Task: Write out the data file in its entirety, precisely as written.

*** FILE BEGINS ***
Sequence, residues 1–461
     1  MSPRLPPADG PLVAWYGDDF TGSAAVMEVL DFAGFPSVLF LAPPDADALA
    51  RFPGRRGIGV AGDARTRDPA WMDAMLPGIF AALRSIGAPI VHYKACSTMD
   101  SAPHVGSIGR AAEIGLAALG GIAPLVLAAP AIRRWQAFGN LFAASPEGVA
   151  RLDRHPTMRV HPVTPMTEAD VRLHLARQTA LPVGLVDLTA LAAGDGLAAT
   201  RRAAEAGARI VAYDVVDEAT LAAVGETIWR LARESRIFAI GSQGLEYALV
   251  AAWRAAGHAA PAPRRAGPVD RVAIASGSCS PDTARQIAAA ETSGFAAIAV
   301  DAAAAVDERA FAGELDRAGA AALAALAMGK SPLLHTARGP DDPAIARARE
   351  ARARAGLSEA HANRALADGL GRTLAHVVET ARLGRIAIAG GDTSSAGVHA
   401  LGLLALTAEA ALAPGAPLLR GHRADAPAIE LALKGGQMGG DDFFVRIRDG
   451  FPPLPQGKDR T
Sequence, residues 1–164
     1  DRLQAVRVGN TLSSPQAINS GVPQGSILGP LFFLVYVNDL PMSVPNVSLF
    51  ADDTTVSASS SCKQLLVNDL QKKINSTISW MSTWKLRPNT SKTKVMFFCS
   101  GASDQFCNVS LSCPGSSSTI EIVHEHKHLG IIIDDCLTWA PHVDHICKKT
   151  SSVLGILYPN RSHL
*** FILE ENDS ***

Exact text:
Sequence, residues 1–461
     1  MSPRLPPADG PLVAWYGDDF TGSAAVMEVL DFAGFPSVLF LAPPDADALA
    51  RFPGRRGIGV AGDARTRDPA WMDAMLPGIF AALRSIGAPI VHYKACSTMD
   101  SAPHVGSIGR AAEIGLAALG GIAPLVLAAP AIRRWQAFGN LFAASPEGVA
   151  RLDRHPTMRV HPVTPMTEAD VRLHLARQTA LPVGLVDLTA LAAGDGLAAT
   201  RRAAEAGARI VAYDVVDEAT LAAVGETIWR LARESRIFAI GSQGLEYALV
   251  AAWRAAGHAA PAPRRAGPVD RVAIASGSCS PDTARQIAAA ETSGFAAIAV
   301  DAAAAVDERA FAGELDRAGA AALAALAMGK SPLLHTARGP DDPAIARARE
   351  ARARAGLSEA HANRALADGL GRTLAHVVET ARLGRIAIAG GDTSSAGVHA
   401  LGLLALTAEA ALAPGAPLLR GHRADAPAIE LALKGGQMGG DDFFVRIRDG
   451  FPPLPQGKDR T
Sequence, residues 1–164
     1  DRLQAVRVGN TLSSPQAINS GVPQGSILGP LFFLVYVNDL PMSVPNVSLF
    51  ADDTTVSASS SCKQLLVNDL QKKINSTISW MSTWKLRPNT SKTKVMFFCS
   101  GASDQFCNVS LSCPGSSSTI EIVHEHKHLG IIIDDCLTWA PHVDHICKKT
   151  SSVLGILYPN RSHL